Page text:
It is frequently alleged that when the economy is doing well the government will be re-elected. So why is John Howard trailing so badly in the polls?
As a result of the largest online qualitative survey into Australian federal voting intentions ever, we are now in a position to provide a definitive answer. The following analysis is based on the responses of 3,189 Australians who completed our Benchmark Federal Survey between April 20 and May 22 this year. This is the first of a series of articles that I will do based on this research. You can view the survey by going to What The People Want.
Some pundits say Howard is trailing because voters are “relaxed and comfortable” and, after the longest economic expansion in history, think that anyone can run the economy, so they are turning to other issues to determine their vote.
There is some truth in this, because some voters fit this category, but it doesn’t explain the magnitude of the change in public opinion, nor does it explain why Howard’s vote is holding up so well in Western Australia. WA is the state with the most to be comfortable about, so if this theory is true then West Australians should be less, not more, inclined towards Howard.
Our polling suggests voters are not “relaxed and comfortable”, and that the economy is partly to blame for John Howard’s predicament. Not the economy of today, but the economy of tomorrow. While interest rates may have been the key economic issue last election, this election it is water. Like the Fisher King, John Howard may be sacrificed because of the weather.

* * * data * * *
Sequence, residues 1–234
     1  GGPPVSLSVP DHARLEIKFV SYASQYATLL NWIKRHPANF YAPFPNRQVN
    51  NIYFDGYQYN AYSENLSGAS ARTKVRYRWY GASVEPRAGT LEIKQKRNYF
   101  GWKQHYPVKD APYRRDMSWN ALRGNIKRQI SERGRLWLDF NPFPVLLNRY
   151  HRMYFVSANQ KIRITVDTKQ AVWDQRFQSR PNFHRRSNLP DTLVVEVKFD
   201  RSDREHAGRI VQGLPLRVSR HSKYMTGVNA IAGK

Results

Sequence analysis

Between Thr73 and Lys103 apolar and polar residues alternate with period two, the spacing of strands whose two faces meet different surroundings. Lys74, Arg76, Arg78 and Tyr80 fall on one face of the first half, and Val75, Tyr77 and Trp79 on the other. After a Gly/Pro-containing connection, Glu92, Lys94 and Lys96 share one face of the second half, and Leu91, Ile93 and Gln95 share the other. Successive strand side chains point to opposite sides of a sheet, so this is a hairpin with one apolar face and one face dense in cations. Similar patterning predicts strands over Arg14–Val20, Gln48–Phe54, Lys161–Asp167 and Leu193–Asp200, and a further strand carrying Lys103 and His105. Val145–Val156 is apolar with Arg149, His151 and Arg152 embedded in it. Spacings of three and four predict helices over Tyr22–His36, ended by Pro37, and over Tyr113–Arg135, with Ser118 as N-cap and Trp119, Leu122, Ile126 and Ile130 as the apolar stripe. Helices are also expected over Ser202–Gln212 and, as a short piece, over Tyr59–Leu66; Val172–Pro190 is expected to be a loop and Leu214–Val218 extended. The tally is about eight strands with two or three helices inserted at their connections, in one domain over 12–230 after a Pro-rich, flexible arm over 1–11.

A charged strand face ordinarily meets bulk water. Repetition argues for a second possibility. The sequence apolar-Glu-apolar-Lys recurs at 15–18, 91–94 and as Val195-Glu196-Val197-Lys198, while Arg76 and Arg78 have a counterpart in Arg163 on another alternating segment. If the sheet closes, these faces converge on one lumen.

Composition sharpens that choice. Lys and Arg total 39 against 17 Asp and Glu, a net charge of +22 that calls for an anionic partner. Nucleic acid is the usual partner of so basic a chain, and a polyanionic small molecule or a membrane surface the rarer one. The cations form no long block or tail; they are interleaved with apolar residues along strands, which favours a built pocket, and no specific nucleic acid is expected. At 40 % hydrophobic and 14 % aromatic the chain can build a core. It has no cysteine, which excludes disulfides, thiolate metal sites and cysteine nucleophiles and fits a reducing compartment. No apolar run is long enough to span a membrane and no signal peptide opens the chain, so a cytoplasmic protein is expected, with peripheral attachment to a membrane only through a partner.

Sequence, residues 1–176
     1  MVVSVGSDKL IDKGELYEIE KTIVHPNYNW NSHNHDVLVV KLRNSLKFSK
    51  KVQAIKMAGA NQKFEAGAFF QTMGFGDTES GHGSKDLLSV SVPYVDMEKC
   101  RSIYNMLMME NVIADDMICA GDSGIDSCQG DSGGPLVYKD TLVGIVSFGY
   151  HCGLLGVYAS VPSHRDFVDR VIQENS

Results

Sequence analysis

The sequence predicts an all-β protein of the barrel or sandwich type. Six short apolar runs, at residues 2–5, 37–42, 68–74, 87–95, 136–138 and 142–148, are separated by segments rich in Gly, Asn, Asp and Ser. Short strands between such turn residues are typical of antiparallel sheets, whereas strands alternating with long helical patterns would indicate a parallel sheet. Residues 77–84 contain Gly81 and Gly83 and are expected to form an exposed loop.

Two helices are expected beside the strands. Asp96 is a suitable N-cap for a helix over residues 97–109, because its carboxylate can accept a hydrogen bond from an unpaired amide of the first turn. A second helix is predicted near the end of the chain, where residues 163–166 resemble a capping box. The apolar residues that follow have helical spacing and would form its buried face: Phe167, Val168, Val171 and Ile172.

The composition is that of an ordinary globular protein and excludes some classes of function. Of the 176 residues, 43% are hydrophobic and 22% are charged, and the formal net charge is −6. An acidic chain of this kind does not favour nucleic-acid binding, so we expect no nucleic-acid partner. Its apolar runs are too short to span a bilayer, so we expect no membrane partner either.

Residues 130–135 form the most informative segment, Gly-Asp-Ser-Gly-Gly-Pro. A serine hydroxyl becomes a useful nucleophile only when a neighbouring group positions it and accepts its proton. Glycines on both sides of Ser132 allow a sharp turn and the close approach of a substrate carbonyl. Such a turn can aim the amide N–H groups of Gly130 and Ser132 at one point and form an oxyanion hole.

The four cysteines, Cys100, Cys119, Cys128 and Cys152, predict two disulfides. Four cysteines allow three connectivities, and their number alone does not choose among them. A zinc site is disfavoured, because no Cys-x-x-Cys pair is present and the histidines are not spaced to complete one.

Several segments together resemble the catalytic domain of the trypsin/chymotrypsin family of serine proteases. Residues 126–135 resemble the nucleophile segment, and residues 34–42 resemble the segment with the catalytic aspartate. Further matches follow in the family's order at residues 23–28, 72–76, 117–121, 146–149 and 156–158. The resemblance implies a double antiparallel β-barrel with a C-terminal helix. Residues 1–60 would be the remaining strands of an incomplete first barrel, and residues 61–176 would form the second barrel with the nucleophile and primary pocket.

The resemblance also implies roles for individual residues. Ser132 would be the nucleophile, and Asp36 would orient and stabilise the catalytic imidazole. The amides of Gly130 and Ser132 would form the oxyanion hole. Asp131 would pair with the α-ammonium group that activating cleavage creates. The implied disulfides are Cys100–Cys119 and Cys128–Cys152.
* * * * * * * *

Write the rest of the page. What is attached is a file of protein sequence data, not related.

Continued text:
Climate change and drought, seen by many as twins, are the most important issues to Australians. If they are not fixed then there will be no economy to boast about. This is a bigger risk for most than the possibility of interest rates rising.
Labor has credibility on the climate. The Coalition generally has it on the economy. When the economy is viewed through the prism of climate it is undermined, even though it is the Coalition’s key strength. This helps to explain the sudden slump in its popularity independently of the accession of Kevin Rudd.
It also suggests that Industrial Relations and the Unions’ “Your Rights at Work” campaign are not the major agents of change. Nor is the Iraq War.
Drought also explains why the Coalition is travelling well in Western Australia. The conventional argument for the high Coalition vote in WA is that it has to do with AWAs. This has always seemed a bit tendentious to me. How many AWAs are there, and outside the mining communities how many voters do they really affect? Is this significant enough to explain a vote for the Coalition significantly higher than the rest of the country?
Water and drought provide a better explanation. The drought is an eastern Australian affair. Brisbane, Sydney, Melbourne and Adelaide all have water shortages and are only starting to take hard medicine now. Indeed, there is a very real prospect that Brisbane will all but run-out of water before the planned solutions of a desalination plant, recycling and a water grid are in place.
Added to that, agriculture in WA is not as dependant on irrigation as it is in the east, while the bread basket of the nation - the Murray Darling irrigation ditch - has been over-exploited and is widely seen as an environmental disaster that may never recover.
Incumbency is also a problem for Howard. After 10 years in power he has upset everyone at least once. Electors are not actively seeking change as they were when they tossed Keating, Whitlam and Fraser, but they are grumpy.
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